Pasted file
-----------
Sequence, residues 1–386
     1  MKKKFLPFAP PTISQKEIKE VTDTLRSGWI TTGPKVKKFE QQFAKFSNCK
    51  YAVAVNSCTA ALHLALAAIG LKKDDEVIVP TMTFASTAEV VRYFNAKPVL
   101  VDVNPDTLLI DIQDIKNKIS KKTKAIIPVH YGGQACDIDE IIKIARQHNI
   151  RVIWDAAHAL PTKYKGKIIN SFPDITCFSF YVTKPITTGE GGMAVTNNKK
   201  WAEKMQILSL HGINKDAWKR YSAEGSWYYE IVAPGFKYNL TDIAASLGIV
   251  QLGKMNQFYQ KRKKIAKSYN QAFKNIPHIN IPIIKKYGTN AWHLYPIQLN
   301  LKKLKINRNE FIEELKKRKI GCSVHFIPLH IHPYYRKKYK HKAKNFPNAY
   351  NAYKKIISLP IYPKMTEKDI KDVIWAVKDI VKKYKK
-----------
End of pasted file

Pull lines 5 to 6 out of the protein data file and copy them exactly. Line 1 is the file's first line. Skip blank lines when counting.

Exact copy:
   151  RVIWDAAHAL PTKYKGKIIN SFPDITCFSF YVTKPITTGE GGMAVTNNKK
   201  WAEKMQILSL HGINKDAWKR YSAEGSWYYE IVAPGFKYNL TDIAASLGIV